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American History Stories, Volume IV by  Mara L. Pratt


 

 

THE MOCK FUNERAL

All sorts of ways were invented to carry help across from Maryland to the Confederate states; and you may be sure the officers had to keep their eyes wide open day and night.

One day, on a train, as innocent a looking thing as a lunch basket with a sandwich and a doughnut plainly in [94] sight, was found to be filled with bright brass buttons, on their way to ornament the Confederate soldiers' coats.

But one of the strangest plots for carrying help was by means of funeral processions. One day a very sober looking procession started out from Baltimore over the Long Bridge, into Virginia.

Everything appeared all right. There was the hearse with the coffin within; then came the carriages, their curtains closely drawn to hide the mourners from the people on the streets; the drivers all looked solemn as owls, and to all appearances, it was a very respectable looking funeral procession.

The first sentry at the Bridge, feeling that a funeral procession, of all things, should be allowed to go on its sad way without being interfered with, let it pass—although, as he said afterwards, it did flash across his mind that even this might be but another Confederate scheme.

The next sentry on the route, was not so easily fooled. Perhaps he had learned that even funeral processions in those times were suspicious. Stepping forward as the hearse approached, he called "Halt!"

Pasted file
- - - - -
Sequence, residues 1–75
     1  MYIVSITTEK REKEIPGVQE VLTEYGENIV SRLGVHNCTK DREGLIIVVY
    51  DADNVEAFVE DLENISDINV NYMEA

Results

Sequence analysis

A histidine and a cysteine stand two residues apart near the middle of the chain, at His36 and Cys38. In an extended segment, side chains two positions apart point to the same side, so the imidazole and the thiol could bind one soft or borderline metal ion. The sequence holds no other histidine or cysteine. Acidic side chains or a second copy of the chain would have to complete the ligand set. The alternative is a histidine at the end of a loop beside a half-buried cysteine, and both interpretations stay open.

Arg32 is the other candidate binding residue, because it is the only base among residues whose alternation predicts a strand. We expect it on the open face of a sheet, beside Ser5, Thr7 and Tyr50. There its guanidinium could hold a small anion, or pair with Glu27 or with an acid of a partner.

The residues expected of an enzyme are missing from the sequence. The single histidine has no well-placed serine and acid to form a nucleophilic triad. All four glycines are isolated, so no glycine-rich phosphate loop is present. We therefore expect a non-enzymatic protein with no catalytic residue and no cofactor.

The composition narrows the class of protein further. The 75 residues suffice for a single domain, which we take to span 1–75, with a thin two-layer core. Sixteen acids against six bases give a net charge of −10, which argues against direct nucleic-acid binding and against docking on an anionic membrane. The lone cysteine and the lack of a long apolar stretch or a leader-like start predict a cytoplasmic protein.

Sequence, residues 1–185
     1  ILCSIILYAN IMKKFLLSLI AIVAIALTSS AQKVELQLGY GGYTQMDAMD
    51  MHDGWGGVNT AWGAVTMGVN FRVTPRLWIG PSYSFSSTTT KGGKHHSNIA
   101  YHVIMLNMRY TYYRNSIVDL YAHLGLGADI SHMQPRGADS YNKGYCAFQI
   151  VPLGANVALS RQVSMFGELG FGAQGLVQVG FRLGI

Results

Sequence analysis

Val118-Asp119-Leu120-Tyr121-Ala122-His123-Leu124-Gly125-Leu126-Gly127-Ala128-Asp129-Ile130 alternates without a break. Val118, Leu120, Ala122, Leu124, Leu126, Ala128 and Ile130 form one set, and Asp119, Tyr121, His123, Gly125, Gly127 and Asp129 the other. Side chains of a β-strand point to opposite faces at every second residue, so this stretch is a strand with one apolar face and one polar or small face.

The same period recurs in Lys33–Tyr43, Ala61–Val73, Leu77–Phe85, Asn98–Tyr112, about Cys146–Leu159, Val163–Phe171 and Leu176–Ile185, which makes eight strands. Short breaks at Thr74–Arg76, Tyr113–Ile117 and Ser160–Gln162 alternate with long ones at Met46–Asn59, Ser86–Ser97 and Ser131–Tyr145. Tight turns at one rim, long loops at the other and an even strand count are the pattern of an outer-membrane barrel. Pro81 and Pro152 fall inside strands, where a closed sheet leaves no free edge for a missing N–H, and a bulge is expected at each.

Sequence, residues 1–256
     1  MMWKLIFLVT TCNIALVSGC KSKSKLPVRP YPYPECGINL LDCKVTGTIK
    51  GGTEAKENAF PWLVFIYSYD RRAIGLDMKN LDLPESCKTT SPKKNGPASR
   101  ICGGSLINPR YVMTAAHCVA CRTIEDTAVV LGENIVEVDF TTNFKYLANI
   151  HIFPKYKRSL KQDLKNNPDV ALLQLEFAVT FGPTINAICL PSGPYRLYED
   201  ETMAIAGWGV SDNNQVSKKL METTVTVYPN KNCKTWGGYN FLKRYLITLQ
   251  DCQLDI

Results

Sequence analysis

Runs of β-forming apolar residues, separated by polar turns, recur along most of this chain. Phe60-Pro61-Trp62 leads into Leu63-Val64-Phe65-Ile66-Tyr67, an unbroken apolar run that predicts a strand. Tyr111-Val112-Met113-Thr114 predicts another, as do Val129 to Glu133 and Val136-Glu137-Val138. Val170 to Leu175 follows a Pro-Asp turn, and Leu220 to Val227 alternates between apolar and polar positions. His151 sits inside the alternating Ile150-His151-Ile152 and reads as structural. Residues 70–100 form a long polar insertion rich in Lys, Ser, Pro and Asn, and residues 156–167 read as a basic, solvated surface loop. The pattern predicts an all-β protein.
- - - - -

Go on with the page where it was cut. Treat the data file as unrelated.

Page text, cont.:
Instantly he caught a look upon the driver's face that told him that something was wrong.

"Open the hearse!" demanded the sentry. The hearse was opened and the coffin dragged out. But by this time, the mourners in the carriages had learned that their plot [95] was discovered; and when the sentry turned to look at them, they were scrambling out of their carriages, and running back to the city just as fast as ever they could go.

On opening the coffin, it was found packed full of muskets, which at that time would have been very acceptable to the Confederate army.

One of the ways the Confederates in Maryland had of getting messages across the river, was by means of kites and balloons. When kites were used, they were made of oiled silk, that the rain might not spoil them, nor the water, should they chance to fall into the river. The bobs of the kites were made of letters and newspapers, fastened on just as you boys fasten the bobs to your kites to-day.

When the wind was in the right direction, these kites were sent up, their strings cut, and across the river they would fly, falling somewhere on the Virginia shore. Some one was always on the watch for these kites; and when the wind turned, back would come the kite laden with letters and papers from the South.


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